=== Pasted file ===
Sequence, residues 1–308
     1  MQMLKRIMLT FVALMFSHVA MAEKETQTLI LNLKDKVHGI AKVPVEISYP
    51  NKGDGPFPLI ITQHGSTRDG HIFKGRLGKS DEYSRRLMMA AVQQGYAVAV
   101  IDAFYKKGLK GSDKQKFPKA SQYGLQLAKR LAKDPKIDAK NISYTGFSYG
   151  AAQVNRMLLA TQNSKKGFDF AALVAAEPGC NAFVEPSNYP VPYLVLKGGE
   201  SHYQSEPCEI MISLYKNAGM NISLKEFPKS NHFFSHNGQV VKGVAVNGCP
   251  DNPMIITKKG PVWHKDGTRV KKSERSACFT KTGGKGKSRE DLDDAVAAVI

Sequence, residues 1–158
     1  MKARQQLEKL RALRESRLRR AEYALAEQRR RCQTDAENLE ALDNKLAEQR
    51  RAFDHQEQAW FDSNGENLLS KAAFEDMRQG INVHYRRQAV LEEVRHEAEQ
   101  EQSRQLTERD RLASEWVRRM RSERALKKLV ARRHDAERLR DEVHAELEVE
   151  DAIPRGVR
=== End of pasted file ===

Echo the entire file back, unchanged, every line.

Sequence, residues 1–308
     1  MQMLKRIMLT FVALMFSHVA MAEKETQTLI LNLKDKVHGI AKVPVEISYP
    51  NKGDGPFPLI ITQHGSTRDG HIFKGRLGKS DEYSRRLMMA AVQQGYAVAV
   101  IDAFYKKGLK GSDKQKFPKA SQYGLQLAKR LAKDPKIDAK NISYTGFSYG
   151  AAQVNRMLLA TQNSKKGFDF AALVAAEPGC NAFVEPSNYP VPYLVLKGGE
   201  SHYQSEPCEI MISLYKNAGM NISLKEFPKS NHFFSHNGQV VKGVAVNGCP
   251  DNPMIITKKG PVWHKDGTRV KKSERSACFT KTGGKGKSRE DLDDAVAAVI

Sequence, residues 1–158
     1  MKARQQLEKL RALRESRLRR AEYALAEQRR RCQTDAENLE ALDNKLAEQR
    51  RAFDHQEQAW FDSNGENLLS KAAFEDMRQG INVHYRRQAV LEEVRHEAEQ
   101  EQSRQLTERD RLASEWVRRM RSERALKKLV ARRHDAERLR DEVHAELEVE
   151  DAIPRGVR